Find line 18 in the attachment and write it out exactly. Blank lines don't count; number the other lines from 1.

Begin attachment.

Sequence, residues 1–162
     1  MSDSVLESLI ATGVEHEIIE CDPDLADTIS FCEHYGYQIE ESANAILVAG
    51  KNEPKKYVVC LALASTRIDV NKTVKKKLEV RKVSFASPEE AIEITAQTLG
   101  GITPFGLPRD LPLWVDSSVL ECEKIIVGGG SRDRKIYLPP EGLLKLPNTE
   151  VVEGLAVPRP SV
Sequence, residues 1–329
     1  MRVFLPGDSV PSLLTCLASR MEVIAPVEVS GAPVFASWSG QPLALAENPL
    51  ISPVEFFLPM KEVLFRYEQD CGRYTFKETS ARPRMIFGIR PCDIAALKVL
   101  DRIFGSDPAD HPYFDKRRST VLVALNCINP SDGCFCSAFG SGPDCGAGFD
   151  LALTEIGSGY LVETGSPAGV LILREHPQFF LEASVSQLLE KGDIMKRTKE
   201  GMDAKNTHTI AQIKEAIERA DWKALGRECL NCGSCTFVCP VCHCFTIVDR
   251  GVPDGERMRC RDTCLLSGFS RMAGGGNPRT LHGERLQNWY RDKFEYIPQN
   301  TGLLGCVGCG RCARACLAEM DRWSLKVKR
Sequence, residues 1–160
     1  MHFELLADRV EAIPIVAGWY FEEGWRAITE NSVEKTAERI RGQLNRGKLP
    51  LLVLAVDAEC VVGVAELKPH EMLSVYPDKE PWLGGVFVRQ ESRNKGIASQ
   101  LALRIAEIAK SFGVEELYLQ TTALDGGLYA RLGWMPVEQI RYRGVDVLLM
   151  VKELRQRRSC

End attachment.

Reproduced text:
   151  VKELRQRRSC